Mills PD, Louis RP, Yackel E. J Healthc Qual. 2023;45:242-253.
Changes in healthcare delivery due to the COVID-19 pandemic resulted in delays in care that can lead to patient harm. In this study using patient safety event data submitted to the VHA National Center of Patient Safety, researchers identified healthcare delays involving laboratory results, treatment and interventional procedures, and diagnosis.   
Charles MA, Yackel EE, Mills PD, et al. J Patient Saf. 2022;18:686-691.
The first surge of the COVID-19 pandemic forced healthcare organizations to respond to patient safety issues in real-time. The Veterans Health Administration’s National Center for Patient Safety established two working groups to rapidly monitor quality and safety issues and make timely recommendations to staff. The formation, activities, and primary themes of safety issues are described.
Wang Y, Eldridge N, Metersky ML, et al. JAMA Netw Open. 2022;5:e2214586.
Hospital readmission rates are an important indicator of patient safety. This cross-sectional study examined whether patients admitted to hospitals with high readmission rates also had higher risks of in-hospital adverse events. Based on a sample of over 46,000 Medicare patients with pneumonia discharged between July 2010 and December 2019 and linked to Medicare adverse event data, researchers found that patients admitted to hospitals with high all-cause readmission rates were more likely to experience an adverse event during their admission.
Politi RE, Mills PD, Zubkoff L, et al. J Patient Saf. 2022;18:e1061-e1066.
J Patient Saf … Delays in diagnosis and treatment can lead to … 12% reflected delays in surgery. Policies and processes (e.g., lack of standardized processes, procedures not followed … challenges, and equipment or supply issues. … Politi RE, Mills PD, Zubkoff L, et al. Delays in diagnosis, treatment, …
Wells HJ, Raithatha M, Elhag S, et al. BMJ Open Qual. 2022;11:e001551.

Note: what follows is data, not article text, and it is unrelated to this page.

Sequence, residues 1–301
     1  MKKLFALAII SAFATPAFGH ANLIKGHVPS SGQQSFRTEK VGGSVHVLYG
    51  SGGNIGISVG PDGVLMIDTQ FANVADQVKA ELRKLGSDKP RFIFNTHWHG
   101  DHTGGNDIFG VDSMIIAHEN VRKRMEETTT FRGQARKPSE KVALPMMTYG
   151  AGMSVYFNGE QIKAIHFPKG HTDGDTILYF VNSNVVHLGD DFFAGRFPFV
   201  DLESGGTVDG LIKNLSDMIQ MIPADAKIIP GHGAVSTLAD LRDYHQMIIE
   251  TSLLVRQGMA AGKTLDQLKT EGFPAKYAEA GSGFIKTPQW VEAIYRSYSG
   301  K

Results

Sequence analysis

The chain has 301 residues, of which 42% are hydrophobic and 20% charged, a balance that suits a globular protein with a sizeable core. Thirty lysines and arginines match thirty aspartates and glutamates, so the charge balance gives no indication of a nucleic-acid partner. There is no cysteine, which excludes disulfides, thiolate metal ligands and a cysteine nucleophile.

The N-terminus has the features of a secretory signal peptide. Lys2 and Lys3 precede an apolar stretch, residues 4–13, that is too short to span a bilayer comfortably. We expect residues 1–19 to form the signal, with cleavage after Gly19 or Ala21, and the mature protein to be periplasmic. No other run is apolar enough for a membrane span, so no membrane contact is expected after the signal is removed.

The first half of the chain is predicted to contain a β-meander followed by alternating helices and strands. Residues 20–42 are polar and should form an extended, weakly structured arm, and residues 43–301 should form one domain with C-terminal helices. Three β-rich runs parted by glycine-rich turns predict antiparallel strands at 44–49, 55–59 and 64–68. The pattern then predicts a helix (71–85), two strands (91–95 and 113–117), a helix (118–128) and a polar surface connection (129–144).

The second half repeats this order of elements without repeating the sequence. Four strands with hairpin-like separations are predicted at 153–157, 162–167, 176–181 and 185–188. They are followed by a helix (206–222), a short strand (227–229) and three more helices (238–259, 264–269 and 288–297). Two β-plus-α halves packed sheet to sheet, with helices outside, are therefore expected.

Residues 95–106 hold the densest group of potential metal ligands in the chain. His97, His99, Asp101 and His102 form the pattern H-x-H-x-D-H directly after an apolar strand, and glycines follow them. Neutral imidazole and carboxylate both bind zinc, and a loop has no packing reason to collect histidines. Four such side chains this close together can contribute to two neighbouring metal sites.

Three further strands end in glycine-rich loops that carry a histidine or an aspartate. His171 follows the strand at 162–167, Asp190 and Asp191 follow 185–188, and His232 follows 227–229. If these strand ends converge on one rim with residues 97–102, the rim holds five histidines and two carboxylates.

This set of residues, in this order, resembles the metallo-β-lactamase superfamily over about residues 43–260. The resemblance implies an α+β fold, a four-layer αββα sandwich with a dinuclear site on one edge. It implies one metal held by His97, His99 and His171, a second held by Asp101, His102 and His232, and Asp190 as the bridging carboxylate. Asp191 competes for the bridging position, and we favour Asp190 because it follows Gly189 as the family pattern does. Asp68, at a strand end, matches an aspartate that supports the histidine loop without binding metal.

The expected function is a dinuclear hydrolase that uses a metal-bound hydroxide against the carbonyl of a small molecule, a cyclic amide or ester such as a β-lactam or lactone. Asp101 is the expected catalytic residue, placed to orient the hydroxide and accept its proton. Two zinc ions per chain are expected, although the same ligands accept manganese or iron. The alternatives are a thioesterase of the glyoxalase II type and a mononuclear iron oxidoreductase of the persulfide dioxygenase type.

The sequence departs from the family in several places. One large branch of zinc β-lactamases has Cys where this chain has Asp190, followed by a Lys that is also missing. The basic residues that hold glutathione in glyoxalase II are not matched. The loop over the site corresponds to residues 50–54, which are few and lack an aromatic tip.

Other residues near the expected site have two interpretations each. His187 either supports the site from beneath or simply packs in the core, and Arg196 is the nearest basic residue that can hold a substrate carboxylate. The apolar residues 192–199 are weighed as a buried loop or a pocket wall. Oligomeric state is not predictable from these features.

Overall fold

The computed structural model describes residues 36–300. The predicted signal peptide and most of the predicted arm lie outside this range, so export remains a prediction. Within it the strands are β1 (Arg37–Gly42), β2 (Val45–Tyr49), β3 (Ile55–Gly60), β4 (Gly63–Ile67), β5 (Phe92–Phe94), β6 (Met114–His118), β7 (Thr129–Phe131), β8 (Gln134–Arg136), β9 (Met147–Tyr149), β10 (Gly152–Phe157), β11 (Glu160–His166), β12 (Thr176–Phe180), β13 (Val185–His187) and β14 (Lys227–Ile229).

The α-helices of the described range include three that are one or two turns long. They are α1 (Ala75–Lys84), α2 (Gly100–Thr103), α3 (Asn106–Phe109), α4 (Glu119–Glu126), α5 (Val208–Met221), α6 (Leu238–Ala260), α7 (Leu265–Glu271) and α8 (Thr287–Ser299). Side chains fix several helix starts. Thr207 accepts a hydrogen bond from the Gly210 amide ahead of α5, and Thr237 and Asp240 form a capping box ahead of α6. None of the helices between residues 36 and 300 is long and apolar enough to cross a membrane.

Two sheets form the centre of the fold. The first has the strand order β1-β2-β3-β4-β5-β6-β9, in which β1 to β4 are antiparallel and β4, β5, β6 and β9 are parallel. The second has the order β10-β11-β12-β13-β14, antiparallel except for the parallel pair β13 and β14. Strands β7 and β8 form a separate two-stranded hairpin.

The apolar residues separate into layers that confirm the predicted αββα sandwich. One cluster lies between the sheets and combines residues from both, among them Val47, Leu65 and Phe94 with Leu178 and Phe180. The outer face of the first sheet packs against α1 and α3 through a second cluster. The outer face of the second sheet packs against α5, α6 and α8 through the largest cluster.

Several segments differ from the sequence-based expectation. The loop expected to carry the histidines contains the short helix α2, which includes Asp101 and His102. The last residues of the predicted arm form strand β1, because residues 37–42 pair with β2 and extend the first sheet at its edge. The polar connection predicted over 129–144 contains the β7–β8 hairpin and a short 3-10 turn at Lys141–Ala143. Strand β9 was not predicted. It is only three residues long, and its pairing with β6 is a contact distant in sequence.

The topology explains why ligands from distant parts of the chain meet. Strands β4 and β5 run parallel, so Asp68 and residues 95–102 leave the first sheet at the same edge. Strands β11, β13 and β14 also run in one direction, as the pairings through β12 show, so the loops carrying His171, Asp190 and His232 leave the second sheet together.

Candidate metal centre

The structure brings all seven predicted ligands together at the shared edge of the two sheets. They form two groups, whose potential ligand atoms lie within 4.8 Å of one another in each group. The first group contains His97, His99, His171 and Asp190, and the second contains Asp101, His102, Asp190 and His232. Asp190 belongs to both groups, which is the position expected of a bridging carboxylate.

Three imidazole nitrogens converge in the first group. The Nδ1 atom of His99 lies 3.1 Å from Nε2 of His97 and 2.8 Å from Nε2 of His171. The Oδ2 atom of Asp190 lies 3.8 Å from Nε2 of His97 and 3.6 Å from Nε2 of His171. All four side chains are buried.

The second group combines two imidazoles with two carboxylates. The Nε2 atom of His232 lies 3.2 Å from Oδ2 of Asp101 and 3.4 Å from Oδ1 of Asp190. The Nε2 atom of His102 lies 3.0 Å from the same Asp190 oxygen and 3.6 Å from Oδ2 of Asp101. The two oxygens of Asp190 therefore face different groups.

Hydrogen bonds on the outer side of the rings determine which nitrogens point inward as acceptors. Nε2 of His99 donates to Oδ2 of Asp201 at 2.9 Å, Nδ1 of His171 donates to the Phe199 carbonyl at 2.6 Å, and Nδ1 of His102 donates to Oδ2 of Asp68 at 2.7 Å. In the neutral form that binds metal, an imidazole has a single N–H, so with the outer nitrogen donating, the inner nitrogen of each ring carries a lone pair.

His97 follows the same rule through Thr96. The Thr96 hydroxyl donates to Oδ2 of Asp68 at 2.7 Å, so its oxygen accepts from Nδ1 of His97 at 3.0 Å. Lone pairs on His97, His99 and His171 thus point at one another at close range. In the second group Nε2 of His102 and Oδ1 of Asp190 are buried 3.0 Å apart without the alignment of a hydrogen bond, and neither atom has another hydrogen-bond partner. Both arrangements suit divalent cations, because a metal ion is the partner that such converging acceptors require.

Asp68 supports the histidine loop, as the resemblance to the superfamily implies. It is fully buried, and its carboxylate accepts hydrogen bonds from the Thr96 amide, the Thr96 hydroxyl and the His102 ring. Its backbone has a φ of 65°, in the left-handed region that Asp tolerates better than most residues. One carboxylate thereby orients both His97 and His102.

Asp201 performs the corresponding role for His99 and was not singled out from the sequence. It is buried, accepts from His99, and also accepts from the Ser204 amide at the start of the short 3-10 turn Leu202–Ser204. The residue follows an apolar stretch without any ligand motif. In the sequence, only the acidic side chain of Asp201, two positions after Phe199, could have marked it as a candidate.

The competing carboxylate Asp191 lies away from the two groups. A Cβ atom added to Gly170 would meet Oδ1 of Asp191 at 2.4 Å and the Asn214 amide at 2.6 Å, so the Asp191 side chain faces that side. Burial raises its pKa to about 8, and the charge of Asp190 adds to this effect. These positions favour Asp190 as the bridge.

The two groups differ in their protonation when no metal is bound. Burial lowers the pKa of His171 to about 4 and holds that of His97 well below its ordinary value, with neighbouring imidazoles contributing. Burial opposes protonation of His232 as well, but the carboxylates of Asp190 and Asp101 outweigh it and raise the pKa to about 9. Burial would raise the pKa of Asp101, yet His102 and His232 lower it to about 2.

Use of personal protective equipment is necessary to reduce the spread of infectious diseases, such as COVID-19, in healthcare settings. The alertness levels of ICU staff who regularly wore full personal protective equipment (FPPE), i.e., respirator mask, body covering suit, visor, gloves, and hat, were tested when not wearing FPPE and after two hours wearing FPPE. Results show health care worker alertness can be negatively impacted by wearing FPPE for as little as two hours.
Walton E, Charles M, Morrish W, et al. J Patient Saf. 2022;18:e620-e625.
Dialysis is a common procedure that carries risks if not performed correctly. This study analyzed dialysis-related bleeding events reported to the Veterans Health Administration Patient Safety Authority over an 18-year period. The analysis identified four areas of focus to reduce bleeding events – (1) the physical location and equipment used, (2) staff commitment to standardization and attention to detail (to reduce unwitnessed bleeding events), (3) mental status of the patient, and (4) the method for hemodialysis delivery.
Soncrant C, Mills PD, Pendley Louis RP, et al. J Patient Saf. 2021;17:e821-e828.
J Patient Saf … Using data from the Veterans Health … communication and coordination of care. … Soncrant C, Mills PD, Pendley Louis RP, et al. Review of reported adverse … veteran population in the Veterans Health Administration. J Patient Saf. Epub 2021 Aug 19. …
Metersky ML, Eldridge N, Wang Y, et al. J Patient Saf. 2022;18:253-259.